At the architectural and spiritual center of the building stands the altar.  The altar is bathed in natural light from the oculus Dei, “eye of God,” directly above it.  In the oculus are inscribed words of Christ from Luke’s Gospel:  “I am in your midst as one who serves” (Luke 22).  Christ himself serves his people at the altar, feeding them with his body and blood.  And at the altar we learn to be a servant people in our turn.

The altar, of white marble, dates from 1994.  On the west side, two panels from the original high altar of the Cathedral, 1907, feature imagery of wheat and grapes, symbols of the Eucharist.  This same imagery is echoed on the other three sides, with panels by three contemporary artists:  Mary Jo Anderson (south), Randall Rosenthal (east), and Larry Ahvakana (north).

Directly beneath the altar, in keeping with Church tradition, are deposited the relics of saints.  Relics of Saints Adeodatus, Fortunata, and Boniface were placed in the 1907 altar by Bishop O’Dea.  To these relics, Archbishop Thomas Murphy added a relic of St. Frances Xavier Cabrini in 1994.

The altar is placed on a circular platform of black slate.  The juxtaposition of the square, a human invention, with the circle, a metaphor for the divine – without beginning or end – reminds us that the altar is a place where human and divine meet.

The ambo, which dates from 1994, is the work of Long Island sculptor Randall Rosenthal.  In wonderfully intricate relief carving of clouds and rain, trees and undergrowth, Rosenthal depicts a passage from the book of the prophet Isaiah:  “Just as from the heavens the rain and snow come down and do not return there till they have watered the earth, making it fertile and fruitful, giving seed to the one who sows, and bread to the one who eats, so shall my word be that goes forth from my mouth; my word shall not return to me void, but shall do my will, achieving the end for which I sent it.”  (Isaiah 55:10-11).  The carving is a vivid reminder that the scriptures proclaimed here are for believers a living word, bringing new life to those who hear.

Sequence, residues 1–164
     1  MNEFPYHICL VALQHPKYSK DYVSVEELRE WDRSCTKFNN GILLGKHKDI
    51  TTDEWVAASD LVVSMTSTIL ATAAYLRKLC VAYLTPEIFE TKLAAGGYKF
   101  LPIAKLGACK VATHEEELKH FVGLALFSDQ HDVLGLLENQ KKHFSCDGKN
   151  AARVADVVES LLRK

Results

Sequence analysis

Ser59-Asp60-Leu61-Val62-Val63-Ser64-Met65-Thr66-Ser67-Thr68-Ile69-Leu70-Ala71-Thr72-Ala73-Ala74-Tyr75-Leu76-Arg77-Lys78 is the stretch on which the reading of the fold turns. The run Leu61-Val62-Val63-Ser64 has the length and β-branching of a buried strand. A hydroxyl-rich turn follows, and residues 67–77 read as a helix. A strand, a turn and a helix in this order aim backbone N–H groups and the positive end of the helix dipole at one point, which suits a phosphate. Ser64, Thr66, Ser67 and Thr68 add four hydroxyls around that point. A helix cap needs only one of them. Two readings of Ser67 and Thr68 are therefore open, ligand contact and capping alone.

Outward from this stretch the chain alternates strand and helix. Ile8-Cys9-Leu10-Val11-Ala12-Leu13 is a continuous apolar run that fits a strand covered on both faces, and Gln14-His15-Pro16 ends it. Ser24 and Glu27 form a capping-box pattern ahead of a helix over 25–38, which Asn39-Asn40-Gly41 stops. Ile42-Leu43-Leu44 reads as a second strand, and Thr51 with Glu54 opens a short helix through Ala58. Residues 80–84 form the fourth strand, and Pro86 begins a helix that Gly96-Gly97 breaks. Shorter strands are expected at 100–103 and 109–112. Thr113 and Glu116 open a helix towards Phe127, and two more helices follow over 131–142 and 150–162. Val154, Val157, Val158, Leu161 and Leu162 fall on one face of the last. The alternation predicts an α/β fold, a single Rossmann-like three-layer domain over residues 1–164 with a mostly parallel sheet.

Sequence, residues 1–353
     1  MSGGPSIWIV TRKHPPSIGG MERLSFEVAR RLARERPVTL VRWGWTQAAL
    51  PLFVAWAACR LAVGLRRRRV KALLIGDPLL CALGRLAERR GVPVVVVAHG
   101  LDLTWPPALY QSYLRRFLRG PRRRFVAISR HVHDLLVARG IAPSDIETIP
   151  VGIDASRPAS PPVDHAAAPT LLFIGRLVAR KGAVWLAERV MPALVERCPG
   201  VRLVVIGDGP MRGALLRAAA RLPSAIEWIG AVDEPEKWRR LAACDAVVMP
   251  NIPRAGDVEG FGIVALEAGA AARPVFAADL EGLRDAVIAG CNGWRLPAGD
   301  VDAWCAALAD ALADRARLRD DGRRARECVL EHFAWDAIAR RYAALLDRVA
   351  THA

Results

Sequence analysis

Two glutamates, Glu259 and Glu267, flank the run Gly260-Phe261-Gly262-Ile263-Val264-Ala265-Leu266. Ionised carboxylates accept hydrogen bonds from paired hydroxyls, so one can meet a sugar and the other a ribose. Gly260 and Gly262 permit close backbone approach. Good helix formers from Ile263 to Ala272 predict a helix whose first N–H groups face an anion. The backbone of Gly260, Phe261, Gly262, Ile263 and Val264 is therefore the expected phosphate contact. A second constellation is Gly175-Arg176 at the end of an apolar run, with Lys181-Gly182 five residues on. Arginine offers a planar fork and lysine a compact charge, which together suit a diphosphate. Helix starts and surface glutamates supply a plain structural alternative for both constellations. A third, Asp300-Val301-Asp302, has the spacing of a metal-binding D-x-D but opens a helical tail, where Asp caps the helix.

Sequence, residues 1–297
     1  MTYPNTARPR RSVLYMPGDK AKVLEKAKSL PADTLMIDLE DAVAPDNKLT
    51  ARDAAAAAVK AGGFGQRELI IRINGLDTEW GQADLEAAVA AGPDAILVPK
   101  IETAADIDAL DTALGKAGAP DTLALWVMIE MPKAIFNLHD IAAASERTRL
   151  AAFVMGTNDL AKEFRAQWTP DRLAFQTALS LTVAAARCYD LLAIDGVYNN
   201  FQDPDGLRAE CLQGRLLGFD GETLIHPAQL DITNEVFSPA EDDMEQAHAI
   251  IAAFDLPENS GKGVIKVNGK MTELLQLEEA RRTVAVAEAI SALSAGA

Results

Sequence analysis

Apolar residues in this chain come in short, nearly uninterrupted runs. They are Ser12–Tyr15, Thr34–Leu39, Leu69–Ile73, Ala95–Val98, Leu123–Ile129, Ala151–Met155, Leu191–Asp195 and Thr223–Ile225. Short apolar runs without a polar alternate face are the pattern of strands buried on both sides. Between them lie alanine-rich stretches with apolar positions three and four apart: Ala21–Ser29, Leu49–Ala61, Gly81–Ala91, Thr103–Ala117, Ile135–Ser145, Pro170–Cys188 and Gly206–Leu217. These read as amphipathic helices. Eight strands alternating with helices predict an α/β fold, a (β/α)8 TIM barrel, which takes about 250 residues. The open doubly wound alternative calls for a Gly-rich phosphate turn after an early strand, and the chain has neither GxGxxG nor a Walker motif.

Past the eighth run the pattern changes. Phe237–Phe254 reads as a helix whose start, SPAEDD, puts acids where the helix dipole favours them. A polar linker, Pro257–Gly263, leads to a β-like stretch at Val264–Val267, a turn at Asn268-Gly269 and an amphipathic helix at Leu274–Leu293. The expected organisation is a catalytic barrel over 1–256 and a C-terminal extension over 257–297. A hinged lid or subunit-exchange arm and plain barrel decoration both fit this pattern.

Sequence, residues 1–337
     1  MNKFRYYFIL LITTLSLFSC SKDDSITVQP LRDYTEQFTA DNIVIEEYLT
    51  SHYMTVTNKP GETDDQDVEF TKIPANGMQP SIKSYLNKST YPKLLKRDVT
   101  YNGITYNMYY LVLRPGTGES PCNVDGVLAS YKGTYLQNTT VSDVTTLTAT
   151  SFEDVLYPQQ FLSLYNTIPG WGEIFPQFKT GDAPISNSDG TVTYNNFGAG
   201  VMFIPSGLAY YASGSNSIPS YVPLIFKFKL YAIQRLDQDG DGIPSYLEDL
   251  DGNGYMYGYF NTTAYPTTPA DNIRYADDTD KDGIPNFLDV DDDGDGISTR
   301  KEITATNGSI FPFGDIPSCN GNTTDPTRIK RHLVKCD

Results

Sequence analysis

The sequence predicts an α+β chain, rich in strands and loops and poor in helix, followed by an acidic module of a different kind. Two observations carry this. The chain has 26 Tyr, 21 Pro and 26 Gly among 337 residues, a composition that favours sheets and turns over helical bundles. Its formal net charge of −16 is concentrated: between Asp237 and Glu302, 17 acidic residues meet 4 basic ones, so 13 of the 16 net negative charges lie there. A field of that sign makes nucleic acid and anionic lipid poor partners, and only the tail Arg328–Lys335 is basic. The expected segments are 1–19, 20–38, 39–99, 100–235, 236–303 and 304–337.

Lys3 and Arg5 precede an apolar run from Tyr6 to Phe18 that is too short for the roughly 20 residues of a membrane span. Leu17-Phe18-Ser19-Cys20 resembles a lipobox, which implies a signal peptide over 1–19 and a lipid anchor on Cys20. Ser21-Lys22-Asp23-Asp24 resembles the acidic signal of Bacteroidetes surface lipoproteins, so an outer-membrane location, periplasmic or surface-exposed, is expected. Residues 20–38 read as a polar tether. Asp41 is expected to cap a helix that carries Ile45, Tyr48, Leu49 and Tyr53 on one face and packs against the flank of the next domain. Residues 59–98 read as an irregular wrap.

The cathedra, or bishop’s chair, is what gives the cathedral its name!  The chair is used by the Archbishop whenever he presides at liturgies in the Cathedral.  It symbolizes the bishop’s role as chief teacher of the diocese.

The “Great Cross” dates from the 1950 remodel of the Cathedral.  The corpus, the body of Christ, is surrounded by medallions of angels holding emblems of the passion – the spear, the lamp, the nails.

The Lenten Cross is used during the seasons of Advent and Lent.  The corpus was blackened in a 1992 arson fire that nearly destroyed the Chapel and sacristy of the Cathedral.